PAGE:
Wednesday, May 31, 2017

Avoiding Coincidental Cohesion

Given that Coincidental Cohesion is bad for our code base so obviously we want to avoid writing utilities packages. Fortunately it is mostly quite easy to do so. It requires vigilance on our part. Utilities packages are rarely planned. More often we are writing a piece of business functionality when we find ourselves in need of some low level functionality. It doesn't fit in the application package we're working on, perhaps we suspect that it might be more generally useful, so we need somewhere to put it.


The important thing is to recognise and resist the temptation of the Utilities package. The name itself (and similarly vague synonyms like helper or utils) should be a red flag. When we find ourselves about to type create or replace package utilities we need to stop and think: what would be a better name for this package? Consider whether there are related functions we might end up needing? Suppose we're about to write a function to convert a date into Unix epoch string. It doesn't take much imagine to think we might need a similar function to convert a Unix timestamp into a date. We don't need to write that function now but let's start a package dedicated to Time functions instead of a miscellaneous utils package.


Looking closely at the programs which comprise the DBMS_UTILITY package it is obviously unfair to describe them as a random selection. In fact that there seven or eight groups of related procedures.


DB Info

  • INSTANCE_RECORD Record Type
  • DBLINK_ARRAY Table Type
  • INSTANCE_TABLE Table Type
  • ACTIVE_INSTANCES Procedure
  • CURRENT_INSTANCE Function
  • DATA_BLOCK_ADDRESS_BLOCK Function
  • DATA_BLOCK_ADDRESS_FILE Function
  • DB_VERSION Procedure
  • GET_ENDIANNESS Function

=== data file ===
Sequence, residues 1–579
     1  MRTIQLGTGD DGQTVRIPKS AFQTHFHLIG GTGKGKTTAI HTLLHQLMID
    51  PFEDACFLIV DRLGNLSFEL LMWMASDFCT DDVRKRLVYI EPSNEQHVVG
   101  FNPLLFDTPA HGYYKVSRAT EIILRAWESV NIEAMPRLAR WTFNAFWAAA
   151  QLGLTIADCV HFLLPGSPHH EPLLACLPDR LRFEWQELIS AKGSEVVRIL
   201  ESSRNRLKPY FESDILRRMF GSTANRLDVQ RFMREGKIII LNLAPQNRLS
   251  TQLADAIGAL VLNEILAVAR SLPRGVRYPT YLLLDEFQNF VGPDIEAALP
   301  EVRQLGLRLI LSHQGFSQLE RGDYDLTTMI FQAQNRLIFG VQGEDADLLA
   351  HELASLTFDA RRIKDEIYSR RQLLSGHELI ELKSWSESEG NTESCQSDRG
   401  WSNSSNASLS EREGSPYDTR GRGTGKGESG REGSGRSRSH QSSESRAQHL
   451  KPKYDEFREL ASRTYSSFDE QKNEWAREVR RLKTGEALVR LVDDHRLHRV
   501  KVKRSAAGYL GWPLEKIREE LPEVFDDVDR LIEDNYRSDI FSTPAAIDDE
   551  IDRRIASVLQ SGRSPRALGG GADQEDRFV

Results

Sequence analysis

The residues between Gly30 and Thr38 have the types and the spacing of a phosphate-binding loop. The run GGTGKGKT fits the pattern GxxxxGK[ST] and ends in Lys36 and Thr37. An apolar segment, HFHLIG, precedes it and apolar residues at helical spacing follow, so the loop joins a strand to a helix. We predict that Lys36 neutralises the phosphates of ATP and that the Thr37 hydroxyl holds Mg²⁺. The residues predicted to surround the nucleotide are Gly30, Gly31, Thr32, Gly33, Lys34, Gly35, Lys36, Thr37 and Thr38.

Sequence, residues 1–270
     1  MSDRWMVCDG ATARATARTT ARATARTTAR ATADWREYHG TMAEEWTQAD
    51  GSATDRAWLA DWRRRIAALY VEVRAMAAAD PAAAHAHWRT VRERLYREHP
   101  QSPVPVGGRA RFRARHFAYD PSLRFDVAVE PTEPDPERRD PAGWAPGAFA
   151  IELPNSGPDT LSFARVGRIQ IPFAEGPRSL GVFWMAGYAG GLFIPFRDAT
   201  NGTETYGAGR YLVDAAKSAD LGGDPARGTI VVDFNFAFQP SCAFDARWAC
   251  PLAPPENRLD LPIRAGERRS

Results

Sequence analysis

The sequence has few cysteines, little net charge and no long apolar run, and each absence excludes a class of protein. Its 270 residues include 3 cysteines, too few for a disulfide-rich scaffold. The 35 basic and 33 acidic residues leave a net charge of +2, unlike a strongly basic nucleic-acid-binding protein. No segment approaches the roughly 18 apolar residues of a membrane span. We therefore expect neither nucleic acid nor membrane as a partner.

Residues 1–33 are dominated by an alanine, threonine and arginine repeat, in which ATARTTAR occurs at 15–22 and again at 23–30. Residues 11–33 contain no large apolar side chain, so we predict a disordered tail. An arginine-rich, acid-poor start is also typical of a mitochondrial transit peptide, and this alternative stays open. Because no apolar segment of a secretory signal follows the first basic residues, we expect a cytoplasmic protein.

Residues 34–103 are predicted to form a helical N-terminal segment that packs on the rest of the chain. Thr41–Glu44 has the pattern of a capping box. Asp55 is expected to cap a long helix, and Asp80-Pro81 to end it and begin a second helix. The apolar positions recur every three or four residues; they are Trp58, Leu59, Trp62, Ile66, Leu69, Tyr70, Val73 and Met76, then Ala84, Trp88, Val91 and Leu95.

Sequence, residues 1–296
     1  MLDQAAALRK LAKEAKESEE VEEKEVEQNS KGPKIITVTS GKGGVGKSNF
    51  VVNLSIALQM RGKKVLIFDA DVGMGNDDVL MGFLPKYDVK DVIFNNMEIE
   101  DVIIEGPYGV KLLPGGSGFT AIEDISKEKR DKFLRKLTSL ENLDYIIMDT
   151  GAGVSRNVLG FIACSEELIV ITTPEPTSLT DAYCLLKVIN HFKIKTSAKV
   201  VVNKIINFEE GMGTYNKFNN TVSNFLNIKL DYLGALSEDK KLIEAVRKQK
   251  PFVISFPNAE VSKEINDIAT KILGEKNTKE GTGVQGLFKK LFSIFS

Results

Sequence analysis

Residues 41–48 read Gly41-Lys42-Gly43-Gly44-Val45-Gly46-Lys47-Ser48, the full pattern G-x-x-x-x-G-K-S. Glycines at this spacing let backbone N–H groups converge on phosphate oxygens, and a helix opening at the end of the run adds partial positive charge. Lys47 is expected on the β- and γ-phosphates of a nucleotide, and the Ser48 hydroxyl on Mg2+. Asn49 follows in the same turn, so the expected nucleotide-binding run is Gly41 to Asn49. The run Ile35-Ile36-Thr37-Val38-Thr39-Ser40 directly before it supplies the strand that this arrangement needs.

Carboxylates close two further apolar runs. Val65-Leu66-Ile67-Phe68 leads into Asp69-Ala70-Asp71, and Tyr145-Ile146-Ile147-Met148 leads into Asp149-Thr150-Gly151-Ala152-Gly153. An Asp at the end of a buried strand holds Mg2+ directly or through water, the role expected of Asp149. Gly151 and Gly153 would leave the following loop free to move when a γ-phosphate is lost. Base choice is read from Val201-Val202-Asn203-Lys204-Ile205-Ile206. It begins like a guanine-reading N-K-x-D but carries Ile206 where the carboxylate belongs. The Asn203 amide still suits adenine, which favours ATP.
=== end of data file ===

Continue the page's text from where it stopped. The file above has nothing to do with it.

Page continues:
• GET_PARAMETER_VALUE Function
  • IS_CLUSTER_DATABASE Function
  • MAKE_DATA_BLOCK_ADDRESS Function
  • PORT_STRING Function
Runtime Messages
  • FORMAT_CALL_STACK Function
  • FORMAT_ERROR_BACKTRACE Function
  • FORMAT_ERROR_STACK Function
Object Management
  • COMMA_TO_TABLE Procedures
  • COMPILE_SCHEMA Procedure
  • CREATE_ALTER_TYPE_ERROR_TABLE Procedure
  • INVALIDATE Procedure
  • TABLE_TO_COMMA Procedures
  • VALIDATE Procedure
Object Info (Object Management?)
  • INDEX_TABLE_TYPE Table Type
  • LNAME_ARRAY Table Type
  • NAME_ARRAY Table Type
  • NUMBER_ARRAY Table Type
  • UNCL_ARRAY Table Type
  • CANONICALIZE Procedure
  • GET_DEPENDENCY Procedure
  • NAME_RESOLVE Procedure
  • NAME_TOKENIZE Procedure
Session Info
  • OLD_CURRENT_SCHEMA Function
  • OLD_CURRENT_USER Function
SQL Manipulation
  • EXPAND_SQL_TEXT Procedure
  • GET_SQL_HASH Function
  • SQLID_TO_SQLHASH Function
Statistics (deprecated))
  • ANALYZE_DATABASE Procedure
  • ANALYZE_PART_OBJECT Procedure
  • ANALYZE_SCHEMA Procedure
Time
  • GET_CPU_TIME Function
  • GET_TIME Function
  • GET_TZ_TRANSITIONS Procedure
Unclassified
  • WAIT_ON_PENDING_DML Function
  • EXEC_DDL_STATEMENT Procedure
  • GET_HASH_VALUE Function
  • IS_BIT_SET Function


We can see an alternative PL/SQL code suite, with several highly cohesive packages. But there will be some procedures which are genuinely unrelated to anything else. The four procedures in the Unclassified section above are examples. But writing a miscellaneous utils package for these programs is still wrong. There are better options.

  1. Find a home. It's worth considering whether we already have a package which would fit the new function. Perhaps WAIT_ON_PENDING_DML() should have gone in DBMS_TRANSACTION; perhaps IS_BIT_SET() properly belongs in UTL_RAW.
  2. A package of their own. Why not? It may seem extravagant to have a package with a single procedure but consider DBMS_DG with its lone procedure INITIATE_FS_FAILOVER(). The package delivers the usual architectural benefits plus it provides a natural home for related procedures we might discover a need for in the future.
  3. Standalone procedure. Again, why not? We are so conditioned to think of a PL/SQL program as a package that we forget it can be just a Procedure or Function. Some programs are suited to standalone implementation.


So avoiding the Utilities package requires vigilance. Code reviews can help here. Preventing the Utilities package becoming entrenched is crucial: once we have a number of packages dependent on a Utilities package it is pretty hard to get rid of it. And once it becomes a fixture in the code base developers will consider it more acceptable to add procedures to it.


Part of the Designing PL/SQL Programs series

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2 June 2017 at 00:39:00 GMT-7  

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